Q: Would you like to do it elsewhere after Joe's Pub?
LBB: Absolutely. I think Joe's Pub is like my dress rehearsal because I'm never gonna have done it before an audience before. And I have wigs and all this crazy madness. [Laughs.] It's going to be really fun. I want to do this show as much as I can — I know that it's one of those things that I can always extend on . . . I do a look at Hairspray, I do a small little glance at Wicked. I do the look at Ruthless! when I was little. That's actually a funny section. I do me going back to Kentucky in high school — this girl who had learned all this stuff from being in New York and all of a sudden I'm jarred back into a world of normalcy, and I'm completely not fitting in. The thing is the show is relatable because everybody's been through that — everybody's felt those kinds of emotions, but it's also a little different because not everybody was a child actor.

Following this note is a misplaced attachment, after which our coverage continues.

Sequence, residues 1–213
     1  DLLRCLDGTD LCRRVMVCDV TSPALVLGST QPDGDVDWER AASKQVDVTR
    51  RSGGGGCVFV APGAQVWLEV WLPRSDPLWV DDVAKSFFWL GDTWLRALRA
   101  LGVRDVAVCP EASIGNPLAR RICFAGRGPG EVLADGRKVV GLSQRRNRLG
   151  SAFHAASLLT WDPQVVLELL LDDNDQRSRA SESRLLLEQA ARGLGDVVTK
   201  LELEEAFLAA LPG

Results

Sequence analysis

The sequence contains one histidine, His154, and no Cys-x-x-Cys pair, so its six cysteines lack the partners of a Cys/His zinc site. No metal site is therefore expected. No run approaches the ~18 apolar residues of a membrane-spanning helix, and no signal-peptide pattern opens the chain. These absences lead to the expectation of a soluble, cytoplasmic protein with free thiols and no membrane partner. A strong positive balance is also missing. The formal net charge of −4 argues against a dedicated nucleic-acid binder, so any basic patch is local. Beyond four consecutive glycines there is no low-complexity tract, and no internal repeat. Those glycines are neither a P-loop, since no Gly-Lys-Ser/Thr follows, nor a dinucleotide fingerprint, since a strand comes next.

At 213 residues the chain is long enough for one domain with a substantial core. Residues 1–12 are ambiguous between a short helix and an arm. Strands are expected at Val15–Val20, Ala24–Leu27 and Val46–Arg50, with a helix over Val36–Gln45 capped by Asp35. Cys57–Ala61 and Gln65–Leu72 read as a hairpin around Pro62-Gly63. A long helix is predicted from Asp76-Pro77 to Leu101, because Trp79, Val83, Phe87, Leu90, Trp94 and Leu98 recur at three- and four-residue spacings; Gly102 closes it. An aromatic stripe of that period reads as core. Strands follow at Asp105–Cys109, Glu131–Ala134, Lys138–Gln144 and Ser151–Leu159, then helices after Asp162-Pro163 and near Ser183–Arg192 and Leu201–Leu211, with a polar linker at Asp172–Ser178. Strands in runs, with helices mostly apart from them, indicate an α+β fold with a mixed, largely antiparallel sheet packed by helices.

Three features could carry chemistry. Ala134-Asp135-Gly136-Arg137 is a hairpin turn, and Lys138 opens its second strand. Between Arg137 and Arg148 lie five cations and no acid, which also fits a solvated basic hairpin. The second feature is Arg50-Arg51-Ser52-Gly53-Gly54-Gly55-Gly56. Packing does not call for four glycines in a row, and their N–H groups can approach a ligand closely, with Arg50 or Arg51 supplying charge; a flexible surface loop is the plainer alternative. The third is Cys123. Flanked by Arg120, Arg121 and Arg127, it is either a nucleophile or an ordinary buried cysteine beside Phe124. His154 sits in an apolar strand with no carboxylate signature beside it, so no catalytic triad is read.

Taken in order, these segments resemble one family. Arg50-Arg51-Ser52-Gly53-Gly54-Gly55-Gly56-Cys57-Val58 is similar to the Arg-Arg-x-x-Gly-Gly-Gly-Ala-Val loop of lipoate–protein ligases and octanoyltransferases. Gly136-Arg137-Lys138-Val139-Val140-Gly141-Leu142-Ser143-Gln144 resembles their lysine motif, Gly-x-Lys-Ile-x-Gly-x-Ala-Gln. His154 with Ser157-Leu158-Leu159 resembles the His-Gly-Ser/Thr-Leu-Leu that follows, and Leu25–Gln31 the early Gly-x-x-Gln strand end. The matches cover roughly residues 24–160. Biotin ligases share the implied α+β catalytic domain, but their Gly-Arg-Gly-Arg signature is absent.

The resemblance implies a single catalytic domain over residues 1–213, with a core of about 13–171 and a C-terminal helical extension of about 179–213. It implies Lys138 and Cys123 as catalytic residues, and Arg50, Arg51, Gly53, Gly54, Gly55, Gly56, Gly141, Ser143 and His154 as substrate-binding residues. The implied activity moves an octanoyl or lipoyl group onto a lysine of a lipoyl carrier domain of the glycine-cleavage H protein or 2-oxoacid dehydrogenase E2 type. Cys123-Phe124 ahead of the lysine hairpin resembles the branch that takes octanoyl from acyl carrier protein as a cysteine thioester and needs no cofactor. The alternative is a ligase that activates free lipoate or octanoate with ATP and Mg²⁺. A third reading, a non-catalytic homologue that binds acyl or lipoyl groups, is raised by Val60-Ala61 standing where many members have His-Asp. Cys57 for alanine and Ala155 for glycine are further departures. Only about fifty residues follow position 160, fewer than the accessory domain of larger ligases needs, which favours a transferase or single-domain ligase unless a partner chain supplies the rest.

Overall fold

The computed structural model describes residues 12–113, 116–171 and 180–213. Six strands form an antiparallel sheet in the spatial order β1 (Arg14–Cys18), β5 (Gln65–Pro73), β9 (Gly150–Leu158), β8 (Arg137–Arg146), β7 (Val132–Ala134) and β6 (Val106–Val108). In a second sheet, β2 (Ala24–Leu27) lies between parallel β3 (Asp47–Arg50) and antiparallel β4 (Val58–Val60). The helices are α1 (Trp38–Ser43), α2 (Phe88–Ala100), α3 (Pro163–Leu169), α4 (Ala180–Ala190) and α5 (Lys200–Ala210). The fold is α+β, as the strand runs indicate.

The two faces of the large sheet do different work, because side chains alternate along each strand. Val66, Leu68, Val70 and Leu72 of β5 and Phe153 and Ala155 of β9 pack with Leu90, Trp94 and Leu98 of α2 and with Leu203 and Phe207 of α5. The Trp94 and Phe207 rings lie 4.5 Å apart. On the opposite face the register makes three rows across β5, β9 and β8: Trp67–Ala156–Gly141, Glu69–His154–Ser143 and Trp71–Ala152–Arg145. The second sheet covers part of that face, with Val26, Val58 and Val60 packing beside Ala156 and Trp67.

Q: I think the first show I saw you in was Gypsy out at Paper Mill. What was that experience like?
LBB: That was great. I had a blast. I would've loved to have done something with it [after Paper Mill]. Betty Buckley was great, Deborah Gibson was a sweetheart and Joe Machota was so freakin' talented. [Laughs.] It was one of the first things he did before he got Mamma Mia!. That was so much fun. I was a senior in high school in Kentucky, and I was missing time to do Gypsy. It reconfirmed how much I loved doing musical theatre and how much I really, truly wanted to be in the business. Gypsy helped me with that — how much fun it was to be with a cast and how much I loved gay men! [Laughs.]